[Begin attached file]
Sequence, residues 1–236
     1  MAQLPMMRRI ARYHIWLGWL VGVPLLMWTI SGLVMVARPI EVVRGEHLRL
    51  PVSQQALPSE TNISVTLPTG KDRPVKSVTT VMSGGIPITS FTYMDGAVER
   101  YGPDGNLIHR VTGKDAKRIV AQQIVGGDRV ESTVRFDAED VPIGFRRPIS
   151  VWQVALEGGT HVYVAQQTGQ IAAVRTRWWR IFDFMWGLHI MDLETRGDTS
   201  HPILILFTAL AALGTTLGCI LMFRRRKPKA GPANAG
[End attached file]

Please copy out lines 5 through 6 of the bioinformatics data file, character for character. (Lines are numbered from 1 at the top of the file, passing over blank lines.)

   151  VWQVALEGGT HVYVAQQTGQ IAAVRTRWWR IFDFMWGLHI MDLETRGDTS
   201  HPILILFTAL AALGTTLGCI LMFRRRKPKA GPANAG